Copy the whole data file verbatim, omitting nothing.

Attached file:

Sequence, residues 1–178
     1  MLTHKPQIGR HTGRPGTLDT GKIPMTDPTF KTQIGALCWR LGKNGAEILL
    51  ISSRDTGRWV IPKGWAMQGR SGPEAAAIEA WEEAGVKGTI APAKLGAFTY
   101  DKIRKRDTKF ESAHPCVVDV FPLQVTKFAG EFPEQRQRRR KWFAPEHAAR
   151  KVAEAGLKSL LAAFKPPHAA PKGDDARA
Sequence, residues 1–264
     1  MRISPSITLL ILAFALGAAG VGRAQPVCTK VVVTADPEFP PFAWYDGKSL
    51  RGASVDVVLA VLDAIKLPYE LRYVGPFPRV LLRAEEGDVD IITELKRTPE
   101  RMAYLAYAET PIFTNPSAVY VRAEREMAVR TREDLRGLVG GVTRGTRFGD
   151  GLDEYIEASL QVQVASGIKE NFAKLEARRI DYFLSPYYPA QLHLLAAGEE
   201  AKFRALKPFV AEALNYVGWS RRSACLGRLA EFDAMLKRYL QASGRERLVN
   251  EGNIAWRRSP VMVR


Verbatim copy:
Sequence, residues 1–178
     1  MLTHKPQIGR HTGRPGTLDT GKIPMTDPTF KTQIGALCWR LGKNGAEILL
    51  ISSRDTGRWV IPKGWAMQGR SGPEAAAIEA WEEAGVKGTI APAKLGAFTY
   101  DKIRKRDTKF ESAHPCVVDV FPLQVTKFAG EFPEQRQRRR KWFAPEHAAR
   151  KVAEAGLKSL LAAFKPPHAA PKGDDARA
Sequence, residues 1–264
     1  MRISPSITLL ILAFALGAAG VGRAQPVCTK VVVTADPEFP PFAWYDGKSL
    51  RGASVDVVLA VLDAIKLPYE LRYVGPFPRV LLRAEEGDVD IITELKRTPE
   101  RMAYLAYAET PIFTNPSAVY VRAEREMAVR TREDLRGLVG GVTRGTRFGD
   151  GLDEYIEASL QVQVASGIKE NFAKLEARRI DYFLSPYYPA QLHLLAAGEE
   201  AKFRALKPFV AEALNYVGWS RRSACLGRLA EFDAMLKRYL QASGRERLVN
   251  EGNIAWRRSP VMVR